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HD telecine or SD with keycode and scan later?


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#1 Brian Rose

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Posted 11 April 2012 - 10:49 AM

I'm slowly moving forward on a new doc project...one of those multi-year endeavors that gets shot as time and money allows. It's a biopic, covering roughly five or six decades, and I want to shoot different stocks/formats as time period dictates...16mm black and white for the 50s and 60s, super 8 for the 70s, beta for 80s, and so on.

I'm considering my post workflow with regards to the 16mm. Work will be digital naturally. I'm torn between the cost benefit of getting it all transferred in HD 1080 telecine from the get go, which will be what I carry all the way to the final piece, or getting an SD transfer with a keycode for editing, then when I've got a picture lock, getting only the chosen bits transferred in either HD 1080p, or 2K scan.

Trick is I haven't worked out how much 16mm I'll be shooting...it is kind of up to where the story goes...it'll be a healthy amount, since the bulk of the story's action is in the 60s. And as I shoot more film, it would seem that then the costs benefit of editing SD, then getting only the chosen bits in HD makes more sense. But if it is less, then would it make sense to get it all in HD 1080p? And what about 2K? Is it really worth the added cost over 1080p, given I won't be finishing to film or making a DI?

What do you all think?

Best,

BR
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#2 Adrian Sierkowski

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Posted 11 April 2012 - 11:11 AM

Brian; were it me, for a Doc, i'd go the SD Keycode route. You will be shooting a lot of stuff, most of which will probably hit the cutting room floor; hence no need to HD all of it, and I think the up-front savings will be beneficial to allow you to shoot more. Once you have an edit in SD you can always look for grants/financing for the final scan, but still show on DVD ect to potential investors distributors and the like.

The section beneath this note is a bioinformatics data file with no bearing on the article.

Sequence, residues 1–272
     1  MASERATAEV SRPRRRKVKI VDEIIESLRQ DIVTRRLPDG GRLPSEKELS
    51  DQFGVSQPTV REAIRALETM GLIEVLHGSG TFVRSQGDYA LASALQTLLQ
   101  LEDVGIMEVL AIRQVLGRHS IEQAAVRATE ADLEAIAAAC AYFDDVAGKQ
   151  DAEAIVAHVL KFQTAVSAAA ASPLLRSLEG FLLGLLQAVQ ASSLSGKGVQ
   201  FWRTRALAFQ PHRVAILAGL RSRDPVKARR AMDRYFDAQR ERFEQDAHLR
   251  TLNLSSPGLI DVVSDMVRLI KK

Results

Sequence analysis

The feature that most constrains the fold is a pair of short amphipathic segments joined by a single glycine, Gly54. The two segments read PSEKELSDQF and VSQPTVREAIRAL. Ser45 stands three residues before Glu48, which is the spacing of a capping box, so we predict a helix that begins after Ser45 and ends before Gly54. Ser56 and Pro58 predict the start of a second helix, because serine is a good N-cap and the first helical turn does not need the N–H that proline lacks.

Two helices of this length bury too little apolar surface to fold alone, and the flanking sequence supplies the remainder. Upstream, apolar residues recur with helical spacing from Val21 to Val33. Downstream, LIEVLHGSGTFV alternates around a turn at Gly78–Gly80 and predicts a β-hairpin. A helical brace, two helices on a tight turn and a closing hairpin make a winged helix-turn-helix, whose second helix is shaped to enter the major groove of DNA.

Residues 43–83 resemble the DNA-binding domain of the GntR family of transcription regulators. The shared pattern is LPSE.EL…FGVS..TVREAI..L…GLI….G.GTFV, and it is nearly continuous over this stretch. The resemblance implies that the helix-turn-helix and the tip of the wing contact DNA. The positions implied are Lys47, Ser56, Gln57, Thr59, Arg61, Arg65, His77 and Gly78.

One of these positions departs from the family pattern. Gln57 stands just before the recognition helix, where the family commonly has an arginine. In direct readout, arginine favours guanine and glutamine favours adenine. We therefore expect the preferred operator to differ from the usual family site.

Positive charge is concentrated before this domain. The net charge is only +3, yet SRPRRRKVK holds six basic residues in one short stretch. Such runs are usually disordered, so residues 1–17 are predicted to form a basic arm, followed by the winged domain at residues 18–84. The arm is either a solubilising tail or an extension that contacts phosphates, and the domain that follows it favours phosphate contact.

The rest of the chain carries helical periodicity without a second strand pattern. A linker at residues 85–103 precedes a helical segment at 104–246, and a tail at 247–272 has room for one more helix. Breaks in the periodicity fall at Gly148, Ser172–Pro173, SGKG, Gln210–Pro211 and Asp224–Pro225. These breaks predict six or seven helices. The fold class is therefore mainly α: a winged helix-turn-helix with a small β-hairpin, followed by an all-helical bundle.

But, and here's the caveat, if you think some of the footage you shoot might be worth-while as stock footage, or useable for other projects, then you might as well get the whole thing done flat in HD (which is about the same as 2K in terms of resolution; so let's just lump them together).

Another consideration is that by going SD you'll be able to keep your project on tape -v- having a lot of HD footage across multiple hard drives. This will save you a lot of stress over drive failures while you edit, which, let's face it, can take a considerable amount of time.

Now that's just me and my 2 cents, if you can get a good deal on the HD and it's not much more than SD, certainly go that route. or if you're noticing you're not rolling as much as you thought; well then again HD starts to make a lof more sense as you wisely mention.
Good luck
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#3 Brian Rose

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Posted 11 April 2012 - 11:29 AM

Adrian, that's makes a ton of good sense.

The footage I don't forsee being useful as stock footage, not now at least. One day all my material will be donated to the public domain, but until then, I don't see licensing it out. 16mm black and white probably won't drive much interest anyways.

And I wont' be shooting TONS of film. Budget won't allow, sad to say. The interviews will be high def, but the b-roll and reenactments will be film, where applicable. So it's a documentary, but it'll be planned and storyboarded to the same extent as a narrative feature.

I even want to shoot the still photos on film, and do all my moves in camera like Ken Burns used to do. It makes the photos breath with grain, and there is a subtle bob and weave even when the shot is static.

This film will be all about getting away from the digital suite, and back to doing stuff in camera.

BR
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#4 Adrian Sierkowski

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Posted 11 April 2012 - 11:43 AM

Brian you are the vanguard of a glorious past ;) and I respect you for that immensely. It's always great to work as much in cameras as possible.
That being the case, I'd go flat scan prores 4444 1080P if you can afford it and grade later on.
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#5 Brian Rose

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Posted 11 April 2012 - 11:56 AM

Brian you are the vanguard of a glorious past ;) and I respect you for that immensely. It's always great to work as much in cameras as possible.
That being the case, I'd go flat scan prores 4444 1080P if you can afford it and grade later on.


Well as you aptly pointed out, it does make more fiscal sense to save on the front end, and use the rough cut to fundraise for the finish. And it gives me time to figure out whether I want to keep my full frame 4x3 original, or crop and zoom to 16x9. I really hope for this film to have a distribution model lined up, so hopefully I can bypass the **(obscenity removed)** festival circuit, or at least, get in past the twits that masquerade as judges! ;)
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